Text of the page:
December 7, 2013 · technical gaming projects

crash bang wallop what a picture

Great progress today. tl;dr - go play at

1. dat.gui has bugs and nobody cares

A large chunk of today was taken up discovering and understanding a bug in dat.gui. If you feed it a variable to track - say your current X axis rotation - it’s impossible to guarantee what precision comes out on the display. So my rotation float - which only varies between zero and Pi - gets clamped to an integer, making it useless.

Turns out this is broken in the library, as reported on Google Code. Worryingly the dat.gui project seems to be abandoned. I added the patch to the issue (as figured out by someone else). Until the committers wake up again (fingers crossed) I’ll be working on a manually patched build.

2. Refactoring, always refactoring

There’s always a ton of refactoring to do, burning up time without generating anything cool. C’est la vie.

Today it was useful as it teased out my separation between things that move and are bound by pause mode (shots) and things that are mobile and can ignore pause mode (the camera, which I use for impromptu debugging once I’ve frozen everything in place). I need to make this a first-class feature.

3. Player-Obelisk collisions

This was the big milestone for today and I got there.

Again I got bitten by lack of typing in Javascript. If your function assumes that a passed object has an ‘x’ attribute, sooner or later you’re going to pass in something that doesn’t have an ‘x’ and NOBODY WILL TELL YOU. It will silently produce weird behaviour. More manual type checks needed.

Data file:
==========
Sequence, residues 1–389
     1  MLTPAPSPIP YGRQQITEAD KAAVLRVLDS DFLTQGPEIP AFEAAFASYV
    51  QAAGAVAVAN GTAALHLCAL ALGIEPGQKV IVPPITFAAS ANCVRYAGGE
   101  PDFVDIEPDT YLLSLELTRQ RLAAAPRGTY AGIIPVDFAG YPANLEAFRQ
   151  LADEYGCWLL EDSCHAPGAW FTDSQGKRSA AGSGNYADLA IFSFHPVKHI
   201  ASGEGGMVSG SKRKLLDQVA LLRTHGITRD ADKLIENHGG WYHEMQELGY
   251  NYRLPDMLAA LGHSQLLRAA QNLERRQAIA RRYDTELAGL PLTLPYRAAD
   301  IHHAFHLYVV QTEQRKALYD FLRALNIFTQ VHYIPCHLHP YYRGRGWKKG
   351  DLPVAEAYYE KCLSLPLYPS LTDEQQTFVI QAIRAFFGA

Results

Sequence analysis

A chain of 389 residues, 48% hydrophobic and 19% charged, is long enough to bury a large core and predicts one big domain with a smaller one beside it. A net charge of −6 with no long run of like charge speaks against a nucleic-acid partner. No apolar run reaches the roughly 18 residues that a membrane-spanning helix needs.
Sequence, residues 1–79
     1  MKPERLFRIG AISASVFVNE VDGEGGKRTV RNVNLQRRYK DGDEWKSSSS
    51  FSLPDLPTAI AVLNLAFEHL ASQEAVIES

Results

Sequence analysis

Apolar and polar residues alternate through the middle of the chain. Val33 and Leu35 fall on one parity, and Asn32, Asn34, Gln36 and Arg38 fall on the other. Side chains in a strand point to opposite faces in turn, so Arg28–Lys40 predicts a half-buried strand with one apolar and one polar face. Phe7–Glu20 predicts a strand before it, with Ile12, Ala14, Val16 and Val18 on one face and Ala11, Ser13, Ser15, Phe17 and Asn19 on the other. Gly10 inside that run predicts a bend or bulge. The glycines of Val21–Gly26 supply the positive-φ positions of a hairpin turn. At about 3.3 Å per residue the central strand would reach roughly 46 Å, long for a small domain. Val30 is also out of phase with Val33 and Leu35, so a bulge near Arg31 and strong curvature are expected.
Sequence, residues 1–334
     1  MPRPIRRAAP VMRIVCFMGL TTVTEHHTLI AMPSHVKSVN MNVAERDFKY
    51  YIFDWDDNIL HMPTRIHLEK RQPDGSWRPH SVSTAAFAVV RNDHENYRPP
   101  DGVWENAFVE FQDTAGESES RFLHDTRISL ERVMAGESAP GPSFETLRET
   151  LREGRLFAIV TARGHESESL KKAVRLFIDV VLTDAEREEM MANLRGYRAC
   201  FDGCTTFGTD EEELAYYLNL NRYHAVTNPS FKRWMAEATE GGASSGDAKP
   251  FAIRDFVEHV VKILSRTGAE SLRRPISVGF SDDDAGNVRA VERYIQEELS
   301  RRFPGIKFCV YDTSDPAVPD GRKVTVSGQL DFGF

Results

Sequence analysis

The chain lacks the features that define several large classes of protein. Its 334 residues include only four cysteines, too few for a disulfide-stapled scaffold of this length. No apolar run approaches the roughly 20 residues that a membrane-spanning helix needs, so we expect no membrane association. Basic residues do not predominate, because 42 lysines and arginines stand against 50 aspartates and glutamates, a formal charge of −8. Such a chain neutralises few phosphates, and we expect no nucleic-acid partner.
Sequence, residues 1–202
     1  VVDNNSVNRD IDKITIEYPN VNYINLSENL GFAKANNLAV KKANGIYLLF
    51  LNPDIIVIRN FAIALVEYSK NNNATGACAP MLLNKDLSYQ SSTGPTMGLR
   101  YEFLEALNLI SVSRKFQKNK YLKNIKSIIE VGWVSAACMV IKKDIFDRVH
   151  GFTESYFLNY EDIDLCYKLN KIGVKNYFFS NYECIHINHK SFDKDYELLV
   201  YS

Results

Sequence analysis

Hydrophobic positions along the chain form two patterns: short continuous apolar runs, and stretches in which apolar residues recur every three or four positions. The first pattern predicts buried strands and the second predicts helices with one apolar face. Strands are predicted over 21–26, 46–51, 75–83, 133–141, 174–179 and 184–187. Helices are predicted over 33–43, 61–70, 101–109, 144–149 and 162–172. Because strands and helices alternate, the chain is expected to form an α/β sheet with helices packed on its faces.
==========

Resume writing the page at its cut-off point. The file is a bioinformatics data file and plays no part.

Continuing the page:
I’m beginning to realise that making assumptions is a really bad idea in Javascript. For now the lesson is just to pass all parameters explicitly and don’t go digging them out of objects you know nothing about.

I was confused for ages because I was reflecting the Player (like a Shot) when they touched an Obelisk. Eventually the aha moment came, profanity was hurled and the Player now only moves, not rotates. Your ship now slides nicely past obstacles.

4. Sorting out the Camera-Player relationship

Currently the Camera sits inside the Player object, which is actually a wireframe sphere mesh. By sheer coincidence the front part of the sphere looks like a white crosshairs - a happy accident.

This gave me the idea for a 3rd person chase camera - I just need to pull the Camera back and follow the Player around at an offset.

Similarly I really like the idea of a minimap or radar that looks straight down on your ship with orthographic projection. Just add a second camera and look down on your ship, then render that in the corner. Should be useful for debugging also.

5. Achievement get

The camera is locked to the player without any ‘wobble’ in the wireframe.

The game is playable directly from github pages.

I’m using git exclusively from the command line with no crutches (i.e. the GitHub app). I even performed my first ‘git commit —amend’ and ‘git push —force origin master’ (naughty).

You can collide and slide around obelisks with a satisfyingly crunchy feeling and sound.

You can move and fly around in pause mode and check out what the shots are doing.

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